A young New York socialite becomes interested in a young man who has moved into her apartment building.
Year 1, Day 126
BEFORE: Today the marathon brings us to 1961 in New York City with Breakfast at Tiffany’s. The film is based off Truman Capote’s (yes, the person who was the basis of Capote) novella of the same name.
AFTER: Breakfast at Tiffany’s is classified as a romantic comedy but it seems to be lacking in the comedy department. This brings up an interesting topic, one that is connected with what I mentioned yesterday: how older films differ from modern films.
This marathon is no stranger to romantic comedies. In fact, the marathon began with a romantic comedy, Sleepless in Seattle. However, I would not say I’m a romantic comedy buff based on my viewing history alone (that will probably be rectified come February) so I’m not that familiar with the history of the genre, how it’s changed, and all of the clichés that are associated with romantic comedies.
So when I watched Breakfast at Tiffany’s and wasn’t met with the exact formula of a contemporary romantic comedy, I was a bit taken aback in both a positive and negative way. On the one hand it was very refreshing to see the story take a different path than usual. Of course the film hit the key plot points of the genre (meet, breakup, reunite) and had a kiss in the rain scene, but as a whole, Breakfast at Tiffany’s felt as if it didn’t follow every trope. And that makes sense considering it was made in 1961, long before today’s films.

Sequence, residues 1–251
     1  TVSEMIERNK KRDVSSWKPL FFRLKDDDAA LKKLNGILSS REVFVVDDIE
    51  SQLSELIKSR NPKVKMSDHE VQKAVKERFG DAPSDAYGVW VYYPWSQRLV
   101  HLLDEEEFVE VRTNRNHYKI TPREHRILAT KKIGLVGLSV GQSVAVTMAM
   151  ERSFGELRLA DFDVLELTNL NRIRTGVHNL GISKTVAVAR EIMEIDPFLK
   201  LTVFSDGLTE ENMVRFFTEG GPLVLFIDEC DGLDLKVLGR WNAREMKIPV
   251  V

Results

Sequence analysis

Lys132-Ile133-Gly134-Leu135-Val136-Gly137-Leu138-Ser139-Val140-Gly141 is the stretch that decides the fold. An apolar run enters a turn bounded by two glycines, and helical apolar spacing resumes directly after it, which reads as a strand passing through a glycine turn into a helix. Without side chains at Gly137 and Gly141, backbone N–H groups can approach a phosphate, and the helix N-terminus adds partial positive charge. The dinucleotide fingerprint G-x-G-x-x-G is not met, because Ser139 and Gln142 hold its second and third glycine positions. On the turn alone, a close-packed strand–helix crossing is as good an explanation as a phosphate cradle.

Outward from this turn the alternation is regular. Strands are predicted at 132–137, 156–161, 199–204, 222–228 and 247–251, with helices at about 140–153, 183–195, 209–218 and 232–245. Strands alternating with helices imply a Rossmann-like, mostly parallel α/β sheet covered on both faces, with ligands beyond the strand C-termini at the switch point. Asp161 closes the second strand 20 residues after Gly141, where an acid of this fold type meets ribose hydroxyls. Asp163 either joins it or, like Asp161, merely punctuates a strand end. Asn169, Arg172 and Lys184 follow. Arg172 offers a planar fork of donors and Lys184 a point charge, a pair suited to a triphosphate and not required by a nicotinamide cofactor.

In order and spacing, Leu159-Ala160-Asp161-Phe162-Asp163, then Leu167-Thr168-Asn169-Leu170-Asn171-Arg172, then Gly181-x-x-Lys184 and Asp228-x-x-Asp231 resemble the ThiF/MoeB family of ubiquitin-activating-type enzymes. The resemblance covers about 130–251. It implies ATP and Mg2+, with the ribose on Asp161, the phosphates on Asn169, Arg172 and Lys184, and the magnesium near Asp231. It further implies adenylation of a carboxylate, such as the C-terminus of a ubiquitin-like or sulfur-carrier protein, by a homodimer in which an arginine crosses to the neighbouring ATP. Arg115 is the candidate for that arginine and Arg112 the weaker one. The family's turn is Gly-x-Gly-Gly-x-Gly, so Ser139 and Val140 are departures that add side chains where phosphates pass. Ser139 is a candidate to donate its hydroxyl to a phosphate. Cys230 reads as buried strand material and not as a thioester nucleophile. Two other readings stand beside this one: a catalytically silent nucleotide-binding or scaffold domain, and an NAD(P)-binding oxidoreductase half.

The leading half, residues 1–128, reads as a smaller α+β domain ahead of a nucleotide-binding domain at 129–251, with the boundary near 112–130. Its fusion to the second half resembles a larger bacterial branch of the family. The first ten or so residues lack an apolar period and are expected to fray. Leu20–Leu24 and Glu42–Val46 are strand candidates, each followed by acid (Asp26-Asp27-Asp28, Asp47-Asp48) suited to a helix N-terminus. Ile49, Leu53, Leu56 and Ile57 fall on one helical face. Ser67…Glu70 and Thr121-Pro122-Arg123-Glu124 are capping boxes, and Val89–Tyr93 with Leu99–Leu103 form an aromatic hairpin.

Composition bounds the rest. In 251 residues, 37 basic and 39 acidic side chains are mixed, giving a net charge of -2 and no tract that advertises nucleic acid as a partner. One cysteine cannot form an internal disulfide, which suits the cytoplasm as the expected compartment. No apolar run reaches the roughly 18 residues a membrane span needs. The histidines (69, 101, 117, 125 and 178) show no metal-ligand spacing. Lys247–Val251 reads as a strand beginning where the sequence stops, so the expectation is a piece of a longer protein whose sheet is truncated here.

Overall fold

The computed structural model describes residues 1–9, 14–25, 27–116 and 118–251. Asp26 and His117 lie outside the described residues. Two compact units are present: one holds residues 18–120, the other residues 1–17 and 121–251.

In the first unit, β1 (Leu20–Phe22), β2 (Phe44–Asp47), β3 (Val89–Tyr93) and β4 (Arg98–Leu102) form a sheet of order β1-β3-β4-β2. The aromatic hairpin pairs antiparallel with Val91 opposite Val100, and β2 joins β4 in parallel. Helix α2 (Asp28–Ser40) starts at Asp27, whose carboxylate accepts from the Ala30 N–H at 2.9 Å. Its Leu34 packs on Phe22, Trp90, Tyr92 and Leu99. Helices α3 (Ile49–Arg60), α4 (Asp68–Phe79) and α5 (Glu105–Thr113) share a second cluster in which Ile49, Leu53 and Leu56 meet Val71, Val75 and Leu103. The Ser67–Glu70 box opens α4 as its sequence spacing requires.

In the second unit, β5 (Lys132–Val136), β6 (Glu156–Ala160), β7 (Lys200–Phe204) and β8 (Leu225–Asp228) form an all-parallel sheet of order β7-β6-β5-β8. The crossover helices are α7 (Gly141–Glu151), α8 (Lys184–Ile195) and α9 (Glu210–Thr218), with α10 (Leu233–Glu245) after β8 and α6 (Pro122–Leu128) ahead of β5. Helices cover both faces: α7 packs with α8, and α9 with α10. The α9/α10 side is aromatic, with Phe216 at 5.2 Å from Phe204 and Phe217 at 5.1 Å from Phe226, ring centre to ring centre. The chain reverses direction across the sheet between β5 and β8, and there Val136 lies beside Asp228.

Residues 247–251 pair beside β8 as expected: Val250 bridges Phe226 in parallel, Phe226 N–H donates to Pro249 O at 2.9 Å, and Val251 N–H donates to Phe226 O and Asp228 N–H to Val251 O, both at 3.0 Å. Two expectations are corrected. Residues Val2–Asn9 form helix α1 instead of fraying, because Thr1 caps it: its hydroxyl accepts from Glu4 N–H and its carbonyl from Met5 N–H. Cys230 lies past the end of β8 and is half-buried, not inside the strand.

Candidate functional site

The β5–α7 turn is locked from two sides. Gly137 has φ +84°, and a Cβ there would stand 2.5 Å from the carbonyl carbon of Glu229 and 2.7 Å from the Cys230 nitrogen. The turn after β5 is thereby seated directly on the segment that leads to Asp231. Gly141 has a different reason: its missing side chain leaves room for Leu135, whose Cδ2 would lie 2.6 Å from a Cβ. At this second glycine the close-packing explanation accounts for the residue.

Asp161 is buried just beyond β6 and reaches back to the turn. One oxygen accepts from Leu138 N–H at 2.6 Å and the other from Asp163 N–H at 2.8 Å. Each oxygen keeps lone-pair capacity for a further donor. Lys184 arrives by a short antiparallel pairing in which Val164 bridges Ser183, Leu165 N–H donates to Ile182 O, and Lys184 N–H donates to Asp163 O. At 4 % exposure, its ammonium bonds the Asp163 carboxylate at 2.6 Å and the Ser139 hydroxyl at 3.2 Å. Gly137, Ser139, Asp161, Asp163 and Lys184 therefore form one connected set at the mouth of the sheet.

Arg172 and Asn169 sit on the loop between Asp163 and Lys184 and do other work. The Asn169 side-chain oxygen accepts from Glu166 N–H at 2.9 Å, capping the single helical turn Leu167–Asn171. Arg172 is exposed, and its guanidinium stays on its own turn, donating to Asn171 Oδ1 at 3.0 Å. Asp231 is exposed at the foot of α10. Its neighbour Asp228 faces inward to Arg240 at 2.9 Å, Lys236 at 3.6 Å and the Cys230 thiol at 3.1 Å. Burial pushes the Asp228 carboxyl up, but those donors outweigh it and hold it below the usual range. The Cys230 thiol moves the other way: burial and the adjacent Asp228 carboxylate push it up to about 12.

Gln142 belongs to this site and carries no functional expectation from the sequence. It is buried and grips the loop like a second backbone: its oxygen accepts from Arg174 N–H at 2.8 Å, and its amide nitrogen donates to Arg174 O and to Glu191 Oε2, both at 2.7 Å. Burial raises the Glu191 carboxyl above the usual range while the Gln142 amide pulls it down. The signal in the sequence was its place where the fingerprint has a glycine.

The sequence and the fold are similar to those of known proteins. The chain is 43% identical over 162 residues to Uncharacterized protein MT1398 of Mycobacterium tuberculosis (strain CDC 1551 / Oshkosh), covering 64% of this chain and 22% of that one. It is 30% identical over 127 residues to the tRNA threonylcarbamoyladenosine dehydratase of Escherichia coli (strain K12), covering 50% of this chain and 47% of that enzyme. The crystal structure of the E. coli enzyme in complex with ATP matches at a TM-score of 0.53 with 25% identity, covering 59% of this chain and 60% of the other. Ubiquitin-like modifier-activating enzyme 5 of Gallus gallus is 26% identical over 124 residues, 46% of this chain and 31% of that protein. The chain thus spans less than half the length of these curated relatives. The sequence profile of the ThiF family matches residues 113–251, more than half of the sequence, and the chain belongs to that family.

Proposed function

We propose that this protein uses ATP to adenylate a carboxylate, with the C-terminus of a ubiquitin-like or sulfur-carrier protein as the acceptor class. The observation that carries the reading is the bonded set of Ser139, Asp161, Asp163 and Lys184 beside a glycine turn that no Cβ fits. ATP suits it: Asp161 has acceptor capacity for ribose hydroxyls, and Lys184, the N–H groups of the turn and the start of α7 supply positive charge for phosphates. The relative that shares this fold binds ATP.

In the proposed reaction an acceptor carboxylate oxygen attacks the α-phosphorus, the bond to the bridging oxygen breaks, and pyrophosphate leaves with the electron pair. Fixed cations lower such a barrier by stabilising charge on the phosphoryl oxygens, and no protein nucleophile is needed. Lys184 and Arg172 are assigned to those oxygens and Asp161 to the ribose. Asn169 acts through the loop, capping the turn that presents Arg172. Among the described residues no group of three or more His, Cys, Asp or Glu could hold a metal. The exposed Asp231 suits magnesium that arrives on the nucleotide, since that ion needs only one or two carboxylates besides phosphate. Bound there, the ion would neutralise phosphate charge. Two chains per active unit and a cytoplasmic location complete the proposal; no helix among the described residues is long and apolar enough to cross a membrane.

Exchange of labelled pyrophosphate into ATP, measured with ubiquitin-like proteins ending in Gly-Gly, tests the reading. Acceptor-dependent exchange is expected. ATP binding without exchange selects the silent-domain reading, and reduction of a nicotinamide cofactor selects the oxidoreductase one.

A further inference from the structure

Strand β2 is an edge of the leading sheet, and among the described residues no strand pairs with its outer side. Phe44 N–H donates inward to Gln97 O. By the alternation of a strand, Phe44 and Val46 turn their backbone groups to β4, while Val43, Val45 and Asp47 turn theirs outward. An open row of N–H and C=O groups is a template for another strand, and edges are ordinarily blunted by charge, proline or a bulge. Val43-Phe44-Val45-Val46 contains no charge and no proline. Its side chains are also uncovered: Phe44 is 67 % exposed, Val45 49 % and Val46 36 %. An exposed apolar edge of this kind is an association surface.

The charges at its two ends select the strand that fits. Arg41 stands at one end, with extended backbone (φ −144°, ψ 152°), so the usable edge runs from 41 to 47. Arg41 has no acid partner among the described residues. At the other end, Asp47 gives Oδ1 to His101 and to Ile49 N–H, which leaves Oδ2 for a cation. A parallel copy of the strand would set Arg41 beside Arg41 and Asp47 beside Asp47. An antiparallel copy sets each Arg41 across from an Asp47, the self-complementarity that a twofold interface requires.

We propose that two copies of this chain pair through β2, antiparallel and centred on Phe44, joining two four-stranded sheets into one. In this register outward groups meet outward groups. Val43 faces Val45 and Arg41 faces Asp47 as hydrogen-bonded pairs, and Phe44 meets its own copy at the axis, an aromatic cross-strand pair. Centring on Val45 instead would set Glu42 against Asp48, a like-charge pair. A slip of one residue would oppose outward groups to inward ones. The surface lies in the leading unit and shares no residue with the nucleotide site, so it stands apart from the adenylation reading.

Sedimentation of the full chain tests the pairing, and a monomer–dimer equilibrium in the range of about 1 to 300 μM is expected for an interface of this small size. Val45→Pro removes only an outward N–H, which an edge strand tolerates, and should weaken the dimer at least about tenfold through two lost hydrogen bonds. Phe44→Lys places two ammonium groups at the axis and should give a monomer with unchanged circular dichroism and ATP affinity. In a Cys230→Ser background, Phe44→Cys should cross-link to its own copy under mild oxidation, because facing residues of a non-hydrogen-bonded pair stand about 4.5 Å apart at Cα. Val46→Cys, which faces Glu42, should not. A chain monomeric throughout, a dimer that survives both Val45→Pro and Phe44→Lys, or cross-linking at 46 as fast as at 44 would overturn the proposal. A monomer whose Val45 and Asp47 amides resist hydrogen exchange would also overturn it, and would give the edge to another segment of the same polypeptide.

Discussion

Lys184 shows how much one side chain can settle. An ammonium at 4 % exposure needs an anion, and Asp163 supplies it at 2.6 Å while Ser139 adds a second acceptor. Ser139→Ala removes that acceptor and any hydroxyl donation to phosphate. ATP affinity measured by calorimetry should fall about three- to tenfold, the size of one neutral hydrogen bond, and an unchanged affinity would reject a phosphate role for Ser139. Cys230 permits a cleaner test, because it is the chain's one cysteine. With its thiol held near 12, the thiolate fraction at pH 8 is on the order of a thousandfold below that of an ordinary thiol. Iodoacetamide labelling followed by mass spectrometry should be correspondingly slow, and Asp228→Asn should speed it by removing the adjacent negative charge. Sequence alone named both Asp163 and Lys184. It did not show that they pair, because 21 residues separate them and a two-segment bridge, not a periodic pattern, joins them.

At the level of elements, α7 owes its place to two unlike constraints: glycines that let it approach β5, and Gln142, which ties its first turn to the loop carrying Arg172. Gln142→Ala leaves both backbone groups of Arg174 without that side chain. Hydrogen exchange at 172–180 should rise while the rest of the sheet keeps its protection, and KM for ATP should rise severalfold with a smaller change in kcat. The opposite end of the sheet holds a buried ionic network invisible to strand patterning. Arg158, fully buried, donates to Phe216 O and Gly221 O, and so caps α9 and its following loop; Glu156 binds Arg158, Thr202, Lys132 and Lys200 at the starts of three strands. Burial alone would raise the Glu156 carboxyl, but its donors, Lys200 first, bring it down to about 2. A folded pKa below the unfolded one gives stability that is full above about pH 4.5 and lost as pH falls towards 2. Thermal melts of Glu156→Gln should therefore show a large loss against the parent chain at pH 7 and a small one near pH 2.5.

But there is also a big drawback to this difference from modern day: it wasn’t funny. Maybe romantic comedies back in the day focused more on the relationship rather than the comedy or maybe there is humor in the film but it just falls on deaf ears due to a generational gap. Either way, despite being different and original compared to today’s films, it wasn’t as entertaining for much the same reason I think. One of the appeals, for me at least, to this genre is the repetitive plots. It makes it a movie you go in to see for the actors or the setting instead of the plot; it’s a way to shut off your brain and not think for ninety minutes.
I realize I’m probably being hypocritical here by saying boring, unoriginal, mass-produced junk is better and more entertaining than engaging, original, and unique films. It goes against pretty much everything I’ve ever written in this marathon. Breakfast at Tiffany’s is not a bad film; it is still very entertaining. It’s just that, for some bizarre reason that I can’t fathom, I find today’s mass-produced garbage more entertaining than an Academy Award-winning classic.
RATING: 3 out of 5